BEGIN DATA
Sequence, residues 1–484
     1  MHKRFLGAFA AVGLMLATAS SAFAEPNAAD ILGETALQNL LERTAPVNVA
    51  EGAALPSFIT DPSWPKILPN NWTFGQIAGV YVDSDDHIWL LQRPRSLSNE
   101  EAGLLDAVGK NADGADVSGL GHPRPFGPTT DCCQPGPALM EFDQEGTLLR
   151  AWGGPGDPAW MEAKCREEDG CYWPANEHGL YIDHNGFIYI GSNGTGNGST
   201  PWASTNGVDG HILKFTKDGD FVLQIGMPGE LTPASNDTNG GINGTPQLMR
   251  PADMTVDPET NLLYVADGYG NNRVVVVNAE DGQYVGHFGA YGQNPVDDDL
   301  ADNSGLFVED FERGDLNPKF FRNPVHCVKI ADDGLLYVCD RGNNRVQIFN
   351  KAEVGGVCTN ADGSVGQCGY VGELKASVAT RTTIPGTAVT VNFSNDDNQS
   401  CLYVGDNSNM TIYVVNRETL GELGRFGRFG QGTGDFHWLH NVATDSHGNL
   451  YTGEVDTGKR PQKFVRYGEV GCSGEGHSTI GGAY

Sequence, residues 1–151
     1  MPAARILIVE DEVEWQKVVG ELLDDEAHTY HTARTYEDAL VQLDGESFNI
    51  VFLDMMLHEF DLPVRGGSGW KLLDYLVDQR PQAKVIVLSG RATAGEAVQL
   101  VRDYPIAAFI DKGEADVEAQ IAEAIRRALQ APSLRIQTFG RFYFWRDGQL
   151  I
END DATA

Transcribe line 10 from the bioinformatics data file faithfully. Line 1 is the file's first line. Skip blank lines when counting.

   401  CLYVGDNSNM TIYVVNRETL GELGRFGRFG QGTGDFHWLH NVATDSHGNL